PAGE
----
trait Map[K]

class HashMap[K] extends Map[K] {
  override def clone(): AnyRef = super.clone()
}

class IdentityBox[+A]

class IdentityHashMap[K](inner: HashMap[IdentityBox[K]])
  extends Map[K] {

  def this(initialMap: Map[_ <: K]) =
    this(new HashMap[IdentityBox[K]]())

  override def clone(): AnyRef = {
    new IdentityHashMap(
      inner.clone().asInstanceOf[HashMap[IdentityBox[K]]])
  }
}

Both on 2.12 and 2.13.0, this gives:

error: ambiguous reference to overloaded definition,
both constructor IdentityHashMap in class IdentityHashMap of type (initialMap: Map[_ <: K])IdentityHashMap[K]
and  constructor IdentityHashMap in class IdentityHashMap of type (inner: HashMap[IdentityBox[K]])IdentityHashMap[K]
match argument types (HashMap[IdentityBox[K]]) and expected result type AnyRef
    new IdentityHashMap(
    ^
one error found
@adriaanm

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commented Oct 3, 2019

In other words, at least the new behavior is consistent between the versions with one and two type param. Now I need to run the specificity scoring and complete my case for why this is all progress :-)

@adriaanm

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commented Oct 3, 2019

Then again, using a regular method instead of the constructor makes the code compile again...

trait Map[K]
class HashMap[K] extends Map[K]
class IdentityBox[+A]

class IdentityHashMap[K](inner: HashMap[IdentityBox[K]]) extends Map[K] {
  def this(initialMap: Map[_ <: K]) = this(new HashMap[IdentityBox[K]]())

  def bla[K](initialMap: Map[_ <: K]): IdentityHashMap[K] = bla(new HashMap[IdentityBox[K]]())
  def bla[K](inner: HashMap[IdentityBox[K]]): IdentityHashMap[K] = ???

//  new IdentityHashMap(??? : HashMap[IdentityBox[K]])
  bla(??? :HashMap[IdentityBox[K]])
}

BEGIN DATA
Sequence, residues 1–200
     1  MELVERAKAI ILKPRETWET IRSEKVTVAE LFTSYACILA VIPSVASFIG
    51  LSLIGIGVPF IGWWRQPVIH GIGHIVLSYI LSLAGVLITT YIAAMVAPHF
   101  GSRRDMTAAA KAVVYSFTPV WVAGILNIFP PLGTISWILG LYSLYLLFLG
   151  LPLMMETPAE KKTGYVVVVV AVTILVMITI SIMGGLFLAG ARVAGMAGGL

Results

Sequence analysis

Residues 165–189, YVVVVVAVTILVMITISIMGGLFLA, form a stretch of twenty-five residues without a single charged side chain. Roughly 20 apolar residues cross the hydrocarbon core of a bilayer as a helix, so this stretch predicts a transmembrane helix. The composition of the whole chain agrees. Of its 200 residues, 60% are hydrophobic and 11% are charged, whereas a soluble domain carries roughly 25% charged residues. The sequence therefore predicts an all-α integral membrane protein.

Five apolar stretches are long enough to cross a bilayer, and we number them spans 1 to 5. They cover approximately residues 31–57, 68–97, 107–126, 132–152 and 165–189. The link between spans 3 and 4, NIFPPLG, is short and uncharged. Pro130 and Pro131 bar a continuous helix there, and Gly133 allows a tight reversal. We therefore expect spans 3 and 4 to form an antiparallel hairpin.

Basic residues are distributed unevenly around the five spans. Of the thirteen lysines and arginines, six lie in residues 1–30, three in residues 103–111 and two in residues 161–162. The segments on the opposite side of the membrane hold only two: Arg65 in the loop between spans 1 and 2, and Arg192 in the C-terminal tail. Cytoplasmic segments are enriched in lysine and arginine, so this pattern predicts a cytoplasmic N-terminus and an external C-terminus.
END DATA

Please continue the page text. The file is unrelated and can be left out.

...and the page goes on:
@adriaanm

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commented Oct 3, 2019

Looks like the problem lies with the constructor being for a polymorphic class, but we don't push down the type params to each constructor's signature, so you get a debug trace like:

- isApplicable false : (initialMap: Map[_ <: K])IdentityHashMap[K] to List(HashMap[IdentityBox[K]]) for ? under List()
+ isApplicable true : (initialMap: Map[_ <: K])IdentityHashMap[K] to List(HashMap[IdentityBox[K]]) for ? under List(type K)

that last isApplicable should be true if K was properly treated as a (separate) type param for each constructor

--- i/src/compiler/scala/tools/nsc/typechecker/Infer.scala
+++ w/src/compiler/scala/tools/nsc/typechecker/Infer.scala
@@ -829,7 +829,7 @@ trait Infer extends Checkable {
           case ErrorType                 => true
           case _                         => false
         }
-//      println(s"isApplicable $res : $ftpe to $argtpes0 for $pt under $undetparams")
+      println(s"isApplicable $res : $ftpe to $argtpes0 for $pt under $undetparams")
       res
     }
 
@@ -886,7 +886,7 @@ trait Infer extends Checkable {
             case _                                             => isAsSpecificValueType(ftpe1, ftpe2, Nil, Nil)
           }
       }
-      // println(s"isAsSpecific $res $ftpe1 - $ftpe2")
+       println(s"isAsSpecific $res $ftpe1 - $ftpe2")
       res
     }
@adriaanm

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commented Oct 3, 2019